The most eye-opening and persuasive parts of the book explore the revenue and benefits to be had from cannabis without a single joint’s being lighted. Throughout human history, cultures from Mongolia to Peru have used the non-psychoactive cannabis plant for food, shelter, clothing and medicine. Early drafts of the Declaration of Independence were written on hemp paper, and the covered pioneer wagons that took America westward were made of cannabis fiber. In 1942, cannabis prohibition was suspended because of a shortage in industrial supply during the war, and the government actually encouraged farmers to grow it, using a propaganda film, “Hemp for Victory.”
The place industrial cannabis is not found yet, Fine points out, is in the aboveÂground American economy, thanks to its listing as a Schedule I narcotic. The Drug Enforcement Administration’s official stance is that it has no medical value at all: “Smoked marijuana has not withstood the rigors of science ”” it is not medicine, and it is not safe.” O.K., Fine seems to say, but tell that to the doctors with evidence of its ability to shrink tumors and ease the effects of chemotherapy; or to the seniors of Orange County who depend on medical marijuana to treat their arthritis, and the doctor who uses it to treat his glaucoma; or to the 30-year-old Iraq war veteran with the shrapnel injuries who thanks God every day for this drug. It is prescription drugs that are now the leading cause of fatal drug overdoses ”” more than 26,000 each year. Also each year, over 23,000 Americans die of alcohol-related causes. None have died from cannabis alone.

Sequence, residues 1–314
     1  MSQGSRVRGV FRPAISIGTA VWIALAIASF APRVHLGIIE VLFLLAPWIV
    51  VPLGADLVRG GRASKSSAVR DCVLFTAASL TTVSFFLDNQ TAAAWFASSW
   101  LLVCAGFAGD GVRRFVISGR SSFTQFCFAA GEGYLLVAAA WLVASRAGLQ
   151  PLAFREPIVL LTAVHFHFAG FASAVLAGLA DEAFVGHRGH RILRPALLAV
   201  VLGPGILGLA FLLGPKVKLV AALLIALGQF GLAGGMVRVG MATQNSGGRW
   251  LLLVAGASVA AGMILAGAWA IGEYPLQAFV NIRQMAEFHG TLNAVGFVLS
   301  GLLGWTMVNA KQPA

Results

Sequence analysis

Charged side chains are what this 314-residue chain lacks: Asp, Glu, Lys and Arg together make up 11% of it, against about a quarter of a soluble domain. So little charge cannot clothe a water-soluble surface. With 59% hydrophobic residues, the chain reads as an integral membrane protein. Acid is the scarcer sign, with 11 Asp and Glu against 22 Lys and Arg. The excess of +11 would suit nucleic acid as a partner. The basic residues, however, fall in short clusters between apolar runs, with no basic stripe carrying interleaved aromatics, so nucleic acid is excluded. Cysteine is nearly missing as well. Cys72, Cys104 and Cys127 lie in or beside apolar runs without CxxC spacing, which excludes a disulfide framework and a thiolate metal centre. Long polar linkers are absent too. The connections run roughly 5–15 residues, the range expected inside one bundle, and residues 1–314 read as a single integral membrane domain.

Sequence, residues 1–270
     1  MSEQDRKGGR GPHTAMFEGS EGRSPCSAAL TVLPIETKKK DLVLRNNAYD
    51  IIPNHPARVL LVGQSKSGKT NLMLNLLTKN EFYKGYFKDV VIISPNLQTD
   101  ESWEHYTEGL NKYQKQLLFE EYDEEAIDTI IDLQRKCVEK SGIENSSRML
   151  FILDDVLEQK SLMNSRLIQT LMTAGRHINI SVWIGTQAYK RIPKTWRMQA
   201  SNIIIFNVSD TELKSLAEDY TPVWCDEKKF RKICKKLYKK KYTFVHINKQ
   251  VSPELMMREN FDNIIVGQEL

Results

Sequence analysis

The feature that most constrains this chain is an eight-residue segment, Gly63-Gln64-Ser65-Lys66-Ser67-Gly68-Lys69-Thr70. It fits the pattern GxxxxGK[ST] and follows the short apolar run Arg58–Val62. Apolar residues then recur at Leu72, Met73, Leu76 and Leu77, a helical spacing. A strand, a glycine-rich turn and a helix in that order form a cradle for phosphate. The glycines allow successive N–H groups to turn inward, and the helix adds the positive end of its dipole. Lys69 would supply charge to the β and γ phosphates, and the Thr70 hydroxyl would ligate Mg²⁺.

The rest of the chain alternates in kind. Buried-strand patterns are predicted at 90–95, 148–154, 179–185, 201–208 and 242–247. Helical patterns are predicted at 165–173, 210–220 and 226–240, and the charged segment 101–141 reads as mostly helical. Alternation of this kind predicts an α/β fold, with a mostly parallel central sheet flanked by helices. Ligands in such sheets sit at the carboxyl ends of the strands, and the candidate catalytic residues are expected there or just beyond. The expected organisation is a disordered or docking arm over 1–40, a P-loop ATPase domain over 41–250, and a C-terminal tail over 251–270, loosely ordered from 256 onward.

As I said, the issue is loaded. And yet the side that has all the load never seems to win in America….